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The above characteristics suggest that the Indian art market is a very immature market. It implies that prices can be easily manipulated/ fixed by a handful of dealers operating together. The risk in investing in modern Indian art is apparently high. International art is not 'listed' but its price is determined through the bidding at auctions. This enables international auctioneers to evaluate pictures individually and this becomes a guarantee or commitment on the part of the auctioneer, who are not simply go-betweens. In the case of Indian art, the international auctioneers only act as go-betweens and have not placed a value upon any painting. The fact that Indian art is auctioned by Southeby's or Christie's does not, therefore, certify the value of a painting.
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The practices in the Indian art market are not transparent. In the first place, sales are private arrangements and the names of the buyers are usually withheld. There is no guarantee that the price declared is the actual one. When an art consultant 'recommends' a particular work and makes an estimate of the likely appreciation in value, his recommendation has no validity since sales are not transparent and the declared value could be false. If the consultant offers to buy back a painting at a later date and guarantee some appreciation, this is no more than an unsecured loan with the painting as 'security' and interest masquerading as 'return on investment'. Considering that the margin appropriated by galleries/ dealers is in the region of fifty percent, an investor buying and selling through a dealer/ gallery should also sell at twice the purchase price to break even.
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Many Indian painters commanding high prices have relatively small skills and a scrutiny of their pictures reveals this. For instance there are some objects which are more difficult to draw than others. Those objects that suggest movement - like some animals - are more difficult to draw than those that do not. As examples, cats and horses are more difficult to draw than dogs and cows. Hands are evidently more difficult to draw than torsos, and faces are the easiest to draw in portraits. In fact, when children doodle in their exercise notebooks, they tend to draw faces of various kinds. Looking at the portraits by respected Indian painters, one finds that many of them avoid drawing hands by either having the subject hide his/her hands behind his/ her torso or keeping hands outside the frame of the picture. They are also apt to draw faces alone. Another favorite ploy is to draw faces of 'imagined people', which are featureless and devoid of the identifying characteristics that are usual in any kind of portrait painting.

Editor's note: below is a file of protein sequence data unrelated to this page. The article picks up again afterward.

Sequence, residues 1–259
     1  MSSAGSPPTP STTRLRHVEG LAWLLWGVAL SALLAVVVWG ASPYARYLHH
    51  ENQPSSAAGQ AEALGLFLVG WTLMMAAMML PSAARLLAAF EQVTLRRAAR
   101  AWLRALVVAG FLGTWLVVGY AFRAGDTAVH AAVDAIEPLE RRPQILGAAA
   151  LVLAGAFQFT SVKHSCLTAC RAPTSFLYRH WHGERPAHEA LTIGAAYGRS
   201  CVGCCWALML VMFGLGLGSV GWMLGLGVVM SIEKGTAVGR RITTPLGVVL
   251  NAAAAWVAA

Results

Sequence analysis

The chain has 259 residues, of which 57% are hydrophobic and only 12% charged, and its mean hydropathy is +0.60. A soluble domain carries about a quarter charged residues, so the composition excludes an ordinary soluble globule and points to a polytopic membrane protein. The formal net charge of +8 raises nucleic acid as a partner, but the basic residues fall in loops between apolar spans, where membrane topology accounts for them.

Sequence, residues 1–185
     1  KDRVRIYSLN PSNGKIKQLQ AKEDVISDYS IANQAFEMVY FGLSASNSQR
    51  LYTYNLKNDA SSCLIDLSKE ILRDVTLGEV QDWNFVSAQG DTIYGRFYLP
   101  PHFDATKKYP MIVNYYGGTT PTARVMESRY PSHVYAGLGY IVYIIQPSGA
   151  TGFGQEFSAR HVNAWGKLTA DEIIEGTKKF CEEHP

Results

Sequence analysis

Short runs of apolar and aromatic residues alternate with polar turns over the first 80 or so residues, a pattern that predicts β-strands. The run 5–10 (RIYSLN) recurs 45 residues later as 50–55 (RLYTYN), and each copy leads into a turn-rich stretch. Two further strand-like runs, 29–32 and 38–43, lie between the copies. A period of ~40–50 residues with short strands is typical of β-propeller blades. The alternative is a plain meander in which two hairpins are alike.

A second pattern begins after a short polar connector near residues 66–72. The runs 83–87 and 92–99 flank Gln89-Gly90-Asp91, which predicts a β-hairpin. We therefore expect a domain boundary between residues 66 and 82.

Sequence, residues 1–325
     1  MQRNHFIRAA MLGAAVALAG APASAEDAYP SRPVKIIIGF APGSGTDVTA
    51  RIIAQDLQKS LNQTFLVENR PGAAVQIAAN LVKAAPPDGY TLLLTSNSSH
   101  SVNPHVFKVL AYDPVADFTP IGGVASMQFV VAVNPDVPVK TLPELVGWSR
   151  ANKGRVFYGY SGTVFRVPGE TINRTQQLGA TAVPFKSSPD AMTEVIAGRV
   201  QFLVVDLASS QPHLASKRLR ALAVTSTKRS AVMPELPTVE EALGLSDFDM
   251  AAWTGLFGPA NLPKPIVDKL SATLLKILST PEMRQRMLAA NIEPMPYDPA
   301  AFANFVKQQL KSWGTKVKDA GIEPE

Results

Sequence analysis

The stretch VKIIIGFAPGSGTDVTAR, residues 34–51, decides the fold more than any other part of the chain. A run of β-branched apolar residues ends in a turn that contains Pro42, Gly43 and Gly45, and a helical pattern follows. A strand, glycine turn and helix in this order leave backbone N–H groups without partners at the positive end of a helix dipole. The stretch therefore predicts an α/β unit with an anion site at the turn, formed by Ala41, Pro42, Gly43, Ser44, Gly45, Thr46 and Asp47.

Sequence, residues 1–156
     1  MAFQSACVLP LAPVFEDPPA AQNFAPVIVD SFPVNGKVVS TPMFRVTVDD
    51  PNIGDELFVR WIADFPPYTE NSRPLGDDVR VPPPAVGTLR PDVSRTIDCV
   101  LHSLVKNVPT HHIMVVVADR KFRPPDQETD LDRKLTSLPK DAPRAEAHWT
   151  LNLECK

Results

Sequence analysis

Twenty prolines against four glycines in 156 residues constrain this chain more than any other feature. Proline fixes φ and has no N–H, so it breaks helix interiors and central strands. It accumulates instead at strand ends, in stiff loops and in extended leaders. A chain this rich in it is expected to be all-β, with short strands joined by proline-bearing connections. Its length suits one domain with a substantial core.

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Looking at the Indian art market, it would appear that it is riding on the back of high liquidity and the high growth rates of the economy. As long as the economy does well the Indian art market may do well but the confidence of buyers in the market needs to remain. If, for instance, it comes to light that the same picture has gone through an auction several times in a relatively short period with the prices being marked up each time, it could signal a rigging of prices by art consultants and dealers. This might unearth a scam of the Harshad Mehta kind in the Indian art market which could collapse. The difference is that there are objective criteria to say that P/E ratios in the stock-market are too high or very low and the stock-market is bound to bounce back if stocks are undervalued. There are no such criteria operating in the Indian art market.
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The factor that distinguishes the 'artist' from the 'artisan' is apparently the notion of authorship. The artist has a 'signature style' or vision that the artisan is not seen to possess although the artisan could still be very skillful. 'Styles' are not simply names scrawled in the bottom right-hand corners of pictures but need to be argued about and established through critical discourse in the public space. Since there is little evidence of such critical discourse on modern Indian art in the public space, is not the notion of authorship in Indian art largely spurious and is not the value placed on the artisan's work more assured - at least because its skill is more apparent and therefore less disputable?